Friday, June 23, 2023

Healthy Habits - Fathers and Prenatal Visits


Prenatal visits are vital and can provide valuable information about your baby's health. But did you know that one highly experienced OBGYN made a habit of inviting fathers to prenatal visits as well?


OBGYN and Maternal Health Expert “Rural Doc” Alan Lindemann, M.D., is author of the forthcoming book "Pregnancy Your Way," and has over 40 years of experience in delivering over 6000 babies. He shares the five reasons he invited dads to come to prenatal visits.


“One of my highest priorities as a physician is to build families,” says Dr. Lindemann, “so not only did inviting fathers help prepare the family for a major change, but it gave me an opportunity to watch and monitor the family dynamics.”



1) Bonding: “I’ve always said 90 percent of getting dad to bond to his wife and child is to welcome him at every single prenatal visit. Bringing mom and dad is an excellent springboard for a safe and happy pregnancy and preparing for the time at home after delivery. There should be no more postpartum walking of the plank, but rather adequate time preparing to get ready for embracing a new life together and bonding with your newborn.”


2) Determining the Better Caretaker: “By watching family dynamics, you can easily tell if mom will be a good caretaker, or if dad is actually better suited for the job. A good caretaker is calm and confident in managing the family dynamics. A poor caretaker yells at the children, bribes them to keep them quiet, or complains about their behavior. If mom shows few signs of being a good caretaker but dad does manage the children well, I may encourage mom to work outside the home and let dad take care of the children instead.”


3) Emotional Dependency: “Some fathers are emotionally dependent and see the newborn as competition for mom’s affection. This is a recipe for disaster. Fathers can become jealous, indifferent, and seek attention in greener pastures, making them of little or no help at home. I invite dads to prenatal visits to observe how much the couple supports each other. A dad being distant, aloof, or absent for prenatal care are all red flags for me.”


4) Not Being a Partner: “Some dads are not active partners throughout pregnancy or parenting. They neglect to take their fair share of early morning feedings or have something ‘more important’ to do when mom asks for help. Selfishness or immaturity are the likely culprits, but dad may also be going through emotional turmoil from not successfully having grieved for the loss of his old self (before pregnancy). Dads as well as moms need to grieve for their loss of self and consciously choose their new selves as partners, parents, and caretakers. Again, a dad being distant, aloof, or physically absent from prenatal visits are big red flags.”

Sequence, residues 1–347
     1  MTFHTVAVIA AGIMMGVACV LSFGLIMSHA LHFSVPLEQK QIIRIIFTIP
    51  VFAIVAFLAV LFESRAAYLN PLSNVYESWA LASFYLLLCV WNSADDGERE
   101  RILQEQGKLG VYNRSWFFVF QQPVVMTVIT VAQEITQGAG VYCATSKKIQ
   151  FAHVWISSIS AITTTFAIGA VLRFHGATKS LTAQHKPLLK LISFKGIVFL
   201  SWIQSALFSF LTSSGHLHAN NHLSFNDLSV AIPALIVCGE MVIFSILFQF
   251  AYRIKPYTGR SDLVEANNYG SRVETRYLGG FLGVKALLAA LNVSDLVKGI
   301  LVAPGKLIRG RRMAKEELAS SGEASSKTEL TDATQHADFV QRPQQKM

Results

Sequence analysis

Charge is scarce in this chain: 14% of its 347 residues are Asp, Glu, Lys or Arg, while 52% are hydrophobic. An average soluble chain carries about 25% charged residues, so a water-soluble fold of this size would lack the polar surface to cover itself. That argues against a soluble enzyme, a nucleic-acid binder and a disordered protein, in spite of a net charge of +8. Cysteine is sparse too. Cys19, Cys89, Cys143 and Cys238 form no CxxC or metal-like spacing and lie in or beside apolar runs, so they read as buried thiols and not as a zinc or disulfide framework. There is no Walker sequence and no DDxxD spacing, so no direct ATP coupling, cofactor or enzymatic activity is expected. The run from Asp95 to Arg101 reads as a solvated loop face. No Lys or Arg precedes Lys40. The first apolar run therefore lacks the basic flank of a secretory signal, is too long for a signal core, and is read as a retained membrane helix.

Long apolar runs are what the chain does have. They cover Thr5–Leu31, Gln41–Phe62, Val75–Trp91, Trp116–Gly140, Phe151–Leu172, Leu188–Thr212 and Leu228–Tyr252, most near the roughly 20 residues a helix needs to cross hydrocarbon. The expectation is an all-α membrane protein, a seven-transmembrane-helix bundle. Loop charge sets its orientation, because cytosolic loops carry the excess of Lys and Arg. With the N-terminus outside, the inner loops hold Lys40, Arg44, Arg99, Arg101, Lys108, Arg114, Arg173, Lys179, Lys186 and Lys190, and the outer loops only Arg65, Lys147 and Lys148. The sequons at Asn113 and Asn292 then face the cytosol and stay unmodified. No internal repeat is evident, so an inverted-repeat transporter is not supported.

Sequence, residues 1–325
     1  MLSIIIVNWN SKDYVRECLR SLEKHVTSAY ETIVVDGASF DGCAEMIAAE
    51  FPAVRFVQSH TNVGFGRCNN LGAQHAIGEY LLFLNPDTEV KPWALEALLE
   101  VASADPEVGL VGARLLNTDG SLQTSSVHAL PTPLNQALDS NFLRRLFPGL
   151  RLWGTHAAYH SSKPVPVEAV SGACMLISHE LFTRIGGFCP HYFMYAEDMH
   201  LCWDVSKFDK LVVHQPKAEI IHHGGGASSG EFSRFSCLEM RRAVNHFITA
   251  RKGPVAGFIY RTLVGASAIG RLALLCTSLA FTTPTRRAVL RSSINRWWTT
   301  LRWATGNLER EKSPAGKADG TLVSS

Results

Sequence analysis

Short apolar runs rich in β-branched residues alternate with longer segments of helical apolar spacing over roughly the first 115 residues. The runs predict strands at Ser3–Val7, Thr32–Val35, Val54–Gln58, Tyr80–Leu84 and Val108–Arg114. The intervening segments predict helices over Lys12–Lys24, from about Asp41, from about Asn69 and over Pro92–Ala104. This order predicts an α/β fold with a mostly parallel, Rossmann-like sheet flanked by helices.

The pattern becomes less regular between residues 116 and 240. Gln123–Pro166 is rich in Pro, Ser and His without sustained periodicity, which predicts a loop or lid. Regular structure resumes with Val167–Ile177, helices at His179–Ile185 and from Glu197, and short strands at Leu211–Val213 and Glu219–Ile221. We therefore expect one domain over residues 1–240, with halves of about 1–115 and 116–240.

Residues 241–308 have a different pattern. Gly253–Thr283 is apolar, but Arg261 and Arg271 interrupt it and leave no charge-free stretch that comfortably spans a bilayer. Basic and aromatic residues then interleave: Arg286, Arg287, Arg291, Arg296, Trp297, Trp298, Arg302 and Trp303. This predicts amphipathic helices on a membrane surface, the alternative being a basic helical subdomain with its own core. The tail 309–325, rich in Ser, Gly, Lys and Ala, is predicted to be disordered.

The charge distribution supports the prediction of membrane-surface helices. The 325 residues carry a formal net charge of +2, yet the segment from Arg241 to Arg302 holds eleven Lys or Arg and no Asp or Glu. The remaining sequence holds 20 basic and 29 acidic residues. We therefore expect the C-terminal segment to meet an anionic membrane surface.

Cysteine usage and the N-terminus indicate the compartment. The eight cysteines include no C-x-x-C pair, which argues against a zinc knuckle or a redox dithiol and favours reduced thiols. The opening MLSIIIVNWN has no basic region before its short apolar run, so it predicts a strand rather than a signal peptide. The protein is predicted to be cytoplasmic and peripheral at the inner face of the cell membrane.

5) Signs of Postpartum Depression: “There are subtle signs of postpartum depression (in mom and dad) that are best seen while observing the family together. One of the biggest signs is someone who needs to control everything and is unable to adjust to changes in routine. With help, a controlling person can begin being comfortable with at least some unplanned changes in routine. This is important, as the hallmark of a good pregnancy, labor, and delivery is the ability to adjust.”


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About Dr. Lindemann:

An obstetrician and maternal mortality expert, “Rural Doc” Alan Lindemann, M.D. teaches women and their families how to create the outcomes they want for their own personal health and pregnancy. A former Clinical Assistant Professor at the University of North Dakota, he is currently a clinical faculty member available to serve as preceptor with medical students in rural rotations. In his nearly 40 years of practice, he has delivered around 6,000 babies and achieved a maternal mortality rate of zero! Learn more at and

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